A couple of people on RPG blogs I’ve read lately (Baz King and Rabelais, please, take bows) have been looking in detail at investigations in role-playing scenarios, and in particular at the Gumshoe system recently. I thought I’d follow suit.
So what is an investigation in an RPG? It’s following a trail of clues, hopping from scene to scene accordingly, to unravel a mystery. One thing the Gumshoe system does is have you not roll dice for tests to uncover clues; anyone with a relevant skill will automatically uncover any relevant clues in a scene, and can spend points to get non-central clues or extra information. There’s not much more than that to the central investigation mechanic in Gumshoe. If you don’t believe me, here’s a link to the free System Resource Document.
Now, I was a bit sceptical of this at first- it seems like railroading. After all, where’s the challenge in a mystery scenario if the core clues are always uncovered? And the “issue” dealt with by the mechanic- namely a failed skill test meaning a clue isn’t found and the scenario grinding to a halt- is something any competent GM will avoid anyway.
Now, having played a Gumshoe game (the Esoterrorists, played out via video linking on Google+, which is a whole new different topic) and run one (Night’s Black Agents), I look at things a bit differently. What the investigation mechanic does is provide a neat way to handle passing out information, giving a clue in a scene to a player character who’s good at a relevant skill, or who thinks to use one. When I’m constructing a mystery scenario, I want the player characters to solve the mystery. Any clues I construct, I want them to have. Extra information that might help them I want them to have the chance to earn.
I also want uncertainty in the outcome of a scenario, but in a mystery, whether the player characters find out broadly what is going on is not where I want the uncertainty. If they don’t find out broadly what’s going on, the scenario is likely to be a bit rubbish really. Not finding a clue just because a dice roll is failed, and the only consequence of failure is not finding the clue is also a bit rubbish.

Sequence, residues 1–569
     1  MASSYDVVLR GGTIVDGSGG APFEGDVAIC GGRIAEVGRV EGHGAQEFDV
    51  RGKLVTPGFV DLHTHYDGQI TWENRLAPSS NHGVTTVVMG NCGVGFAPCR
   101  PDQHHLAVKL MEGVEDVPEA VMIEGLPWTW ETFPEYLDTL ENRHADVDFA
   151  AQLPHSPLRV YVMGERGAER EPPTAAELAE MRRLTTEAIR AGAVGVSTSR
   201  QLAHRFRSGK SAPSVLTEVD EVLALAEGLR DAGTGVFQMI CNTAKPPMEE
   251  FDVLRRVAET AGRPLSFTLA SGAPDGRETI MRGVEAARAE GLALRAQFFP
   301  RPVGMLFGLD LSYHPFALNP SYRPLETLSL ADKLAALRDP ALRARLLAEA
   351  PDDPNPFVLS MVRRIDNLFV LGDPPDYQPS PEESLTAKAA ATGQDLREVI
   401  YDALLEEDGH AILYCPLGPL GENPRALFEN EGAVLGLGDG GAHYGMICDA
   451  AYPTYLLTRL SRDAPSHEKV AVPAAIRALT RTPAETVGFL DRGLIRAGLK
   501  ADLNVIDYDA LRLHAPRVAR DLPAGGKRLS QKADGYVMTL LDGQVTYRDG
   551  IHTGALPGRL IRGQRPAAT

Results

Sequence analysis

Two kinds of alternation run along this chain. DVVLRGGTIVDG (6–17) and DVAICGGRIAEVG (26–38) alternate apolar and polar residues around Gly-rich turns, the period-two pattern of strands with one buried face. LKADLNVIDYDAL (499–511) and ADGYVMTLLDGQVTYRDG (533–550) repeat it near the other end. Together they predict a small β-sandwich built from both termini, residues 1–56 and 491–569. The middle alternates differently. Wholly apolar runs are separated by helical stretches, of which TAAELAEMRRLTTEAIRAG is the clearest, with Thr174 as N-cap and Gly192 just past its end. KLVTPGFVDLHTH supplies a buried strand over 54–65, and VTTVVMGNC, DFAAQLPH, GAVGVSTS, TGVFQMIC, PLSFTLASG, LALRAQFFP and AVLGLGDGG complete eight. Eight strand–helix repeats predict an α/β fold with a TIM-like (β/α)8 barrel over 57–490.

So where’s the uncertainty? Well, they might not find out everything, but more importantly, ideally for me, solving a mystery should lead to action, and the process of investigation should carry danger with it. The danger along the way, and the action that’s called for when the mystery is uncovered- that’s where the uncertainty lies. The investigation itself is a vehicle for exploration of the setting and the scenario, and to an extent a pacing mechanism.
It’s only in purist investigative games that the investigation is a puzzle to be solved, and that’s the main point of a scenario. I have the feeling that such pure investigations are a specialist taste among roleplayers. Personally, I like them on occasion, but not as a steady diet.
Investigations, in the form of mystery solving and exploration as part of something else, on the other hand, are a part of many different adventures.
I might return to this topic later on- another thing I’ve been thinking about is sandboxes, and the role of investigations there- but that’s something for a future post.